|With Marge and Baby at Sabang’s underground river|
I spent most of my sixth week in the Philippines on the island of Palawan, at a UNICEF-supported training session for journalists from the troubled region of Mindanao, where a civil war between government forces and Islamic separatists has been raging with greater or lesser intensity since the late 1960s.
Parts of Mindanao are notorious for the kidnapping and murder of Westerners but the province is equally dangerous for journalists. In recent years, there has been an increase in murders of journalists throughout the Philippines, most of which go unsolved. This had already earned the Philippines the dubious distinction of being the second most dangerous country in the world for journalists after Iraq.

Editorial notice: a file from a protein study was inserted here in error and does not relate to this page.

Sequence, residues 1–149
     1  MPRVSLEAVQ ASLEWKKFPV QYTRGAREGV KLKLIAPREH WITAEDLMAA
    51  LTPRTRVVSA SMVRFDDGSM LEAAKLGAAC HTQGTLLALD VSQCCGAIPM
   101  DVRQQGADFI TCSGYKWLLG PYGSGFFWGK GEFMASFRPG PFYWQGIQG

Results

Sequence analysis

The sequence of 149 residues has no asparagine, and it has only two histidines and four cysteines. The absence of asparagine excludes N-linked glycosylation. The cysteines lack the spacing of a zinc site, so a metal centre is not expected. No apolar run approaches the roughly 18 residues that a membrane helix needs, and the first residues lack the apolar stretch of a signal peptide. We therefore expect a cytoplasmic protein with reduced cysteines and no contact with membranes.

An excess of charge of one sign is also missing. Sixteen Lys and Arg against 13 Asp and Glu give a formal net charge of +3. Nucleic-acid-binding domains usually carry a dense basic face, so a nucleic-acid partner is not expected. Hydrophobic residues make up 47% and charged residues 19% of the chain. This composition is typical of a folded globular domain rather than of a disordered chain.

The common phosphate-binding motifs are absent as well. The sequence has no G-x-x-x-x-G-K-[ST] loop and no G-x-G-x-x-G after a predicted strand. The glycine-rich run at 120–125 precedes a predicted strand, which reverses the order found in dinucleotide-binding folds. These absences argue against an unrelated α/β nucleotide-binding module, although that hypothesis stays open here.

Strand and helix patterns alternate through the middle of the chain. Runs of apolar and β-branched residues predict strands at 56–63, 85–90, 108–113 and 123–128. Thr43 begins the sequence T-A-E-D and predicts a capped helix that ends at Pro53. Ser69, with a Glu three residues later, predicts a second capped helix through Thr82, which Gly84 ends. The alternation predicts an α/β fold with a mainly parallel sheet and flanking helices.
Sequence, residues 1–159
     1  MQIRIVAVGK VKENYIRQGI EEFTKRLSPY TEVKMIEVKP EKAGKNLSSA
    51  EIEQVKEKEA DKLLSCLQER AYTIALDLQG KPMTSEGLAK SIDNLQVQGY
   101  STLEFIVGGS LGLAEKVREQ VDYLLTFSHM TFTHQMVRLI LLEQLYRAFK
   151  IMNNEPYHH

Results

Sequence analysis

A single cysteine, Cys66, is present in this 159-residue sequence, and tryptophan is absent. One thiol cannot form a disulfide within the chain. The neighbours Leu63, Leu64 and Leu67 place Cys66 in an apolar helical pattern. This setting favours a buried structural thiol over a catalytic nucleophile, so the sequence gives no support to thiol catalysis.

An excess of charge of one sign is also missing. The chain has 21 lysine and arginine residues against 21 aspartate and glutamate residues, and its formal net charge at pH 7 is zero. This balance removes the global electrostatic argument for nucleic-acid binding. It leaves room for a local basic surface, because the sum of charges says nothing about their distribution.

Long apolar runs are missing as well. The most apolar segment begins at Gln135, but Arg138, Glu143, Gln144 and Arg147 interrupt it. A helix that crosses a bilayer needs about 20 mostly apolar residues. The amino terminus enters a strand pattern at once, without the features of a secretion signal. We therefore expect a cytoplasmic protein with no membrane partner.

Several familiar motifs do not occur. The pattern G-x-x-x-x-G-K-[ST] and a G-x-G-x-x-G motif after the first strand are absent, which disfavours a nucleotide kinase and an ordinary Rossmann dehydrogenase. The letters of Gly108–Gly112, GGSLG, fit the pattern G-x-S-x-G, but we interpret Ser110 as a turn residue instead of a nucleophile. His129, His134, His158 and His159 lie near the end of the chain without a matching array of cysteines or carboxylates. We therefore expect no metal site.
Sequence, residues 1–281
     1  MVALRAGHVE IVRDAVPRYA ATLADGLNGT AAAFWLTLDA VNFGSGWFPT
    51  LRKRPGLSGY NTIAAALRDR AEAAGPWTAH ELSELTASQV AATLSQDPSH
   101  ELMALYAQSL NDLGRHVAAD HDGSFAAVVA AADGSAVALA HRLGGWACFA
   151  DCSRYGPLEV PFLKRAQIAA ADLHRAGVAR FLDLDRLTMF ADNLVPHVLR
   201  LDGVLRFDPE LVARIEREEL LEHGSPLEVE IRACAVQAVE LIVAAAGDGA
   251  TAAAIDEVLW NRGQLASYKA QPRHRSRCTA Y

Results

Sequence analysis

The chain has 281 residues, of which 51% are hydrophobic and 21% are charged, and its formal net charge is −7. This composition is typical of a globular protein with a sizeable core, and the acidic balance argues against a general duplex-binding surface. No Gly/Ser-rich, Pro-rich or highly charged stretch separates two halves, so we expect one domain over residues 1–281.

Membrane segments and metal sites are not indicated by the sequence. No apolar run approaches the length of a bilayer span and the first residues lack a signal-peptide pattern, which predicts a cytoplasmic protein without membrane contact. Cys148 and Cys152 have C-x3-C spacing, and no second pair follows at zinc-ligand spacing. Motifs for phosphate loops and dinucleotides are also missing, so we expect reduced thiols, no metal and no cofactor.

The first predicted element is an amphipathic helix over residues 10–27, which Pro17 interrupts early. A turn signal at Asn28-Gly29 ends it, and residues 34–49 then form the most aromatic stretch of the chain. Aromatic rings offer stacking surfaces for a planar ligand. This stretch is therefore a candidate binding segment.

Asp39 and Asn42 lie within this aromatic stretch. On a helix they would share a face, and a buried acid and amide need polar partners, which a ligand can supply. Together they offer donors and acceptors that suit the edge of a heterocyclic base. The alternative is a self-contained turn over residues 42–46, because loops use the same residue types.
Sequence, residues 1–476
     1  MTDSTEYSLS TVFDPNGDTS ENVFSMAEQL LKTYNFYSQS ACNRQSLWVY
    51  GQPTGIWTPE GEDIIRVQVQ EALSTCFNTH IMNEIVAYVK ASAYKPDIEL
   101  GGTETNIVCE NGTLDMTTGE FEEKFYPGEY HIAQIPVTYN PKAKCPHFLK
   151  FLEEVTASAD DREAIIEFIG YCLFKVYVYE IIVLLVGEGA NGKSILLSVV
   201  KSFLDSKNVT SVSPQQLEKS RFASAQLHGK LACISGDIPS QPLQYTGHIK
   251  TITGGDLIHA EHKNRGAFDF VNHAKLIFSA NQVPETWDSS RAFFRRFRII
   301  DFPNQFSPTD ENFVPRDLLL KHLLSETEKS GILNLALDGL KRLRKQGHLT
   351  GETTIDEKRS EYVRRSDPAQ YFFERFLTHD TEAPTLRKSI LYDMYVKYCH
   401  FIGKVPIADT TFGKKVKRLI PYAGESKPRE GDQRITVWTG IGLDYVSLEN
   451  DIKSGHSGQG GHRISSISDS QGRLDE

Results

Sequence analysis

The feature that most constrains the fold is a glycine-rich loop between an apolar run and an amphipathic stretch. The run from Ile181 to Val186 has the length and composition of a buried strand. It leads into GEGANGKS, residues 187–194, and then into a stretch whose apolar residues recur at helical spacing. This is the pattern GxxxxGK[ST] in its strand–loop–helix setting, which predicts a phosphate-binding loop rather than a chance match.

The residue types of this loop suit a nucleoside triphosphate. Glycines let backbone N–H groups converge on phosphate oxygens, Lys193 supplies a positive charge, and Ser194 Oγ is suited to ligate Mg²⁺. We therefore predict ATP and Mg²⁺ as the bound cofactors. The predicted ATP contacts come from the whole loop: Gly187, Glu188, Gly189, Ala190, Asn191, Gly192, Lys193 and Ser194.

We arrived in Palawan a few days early to do a bit of sightseeing, in particular to visit the famous underground river at Sabang, a UNESCO world heritage site. From the outside, the river looks unremarkable, just a low cave mouth at the edge of a sandy blue-green pool. Once you pass under the rocky archway, however, you are transported into another world. Within a few minutes the cave is pitch black, with the distinctive clicking sound of swifts and bats echolocating all around you in the dark.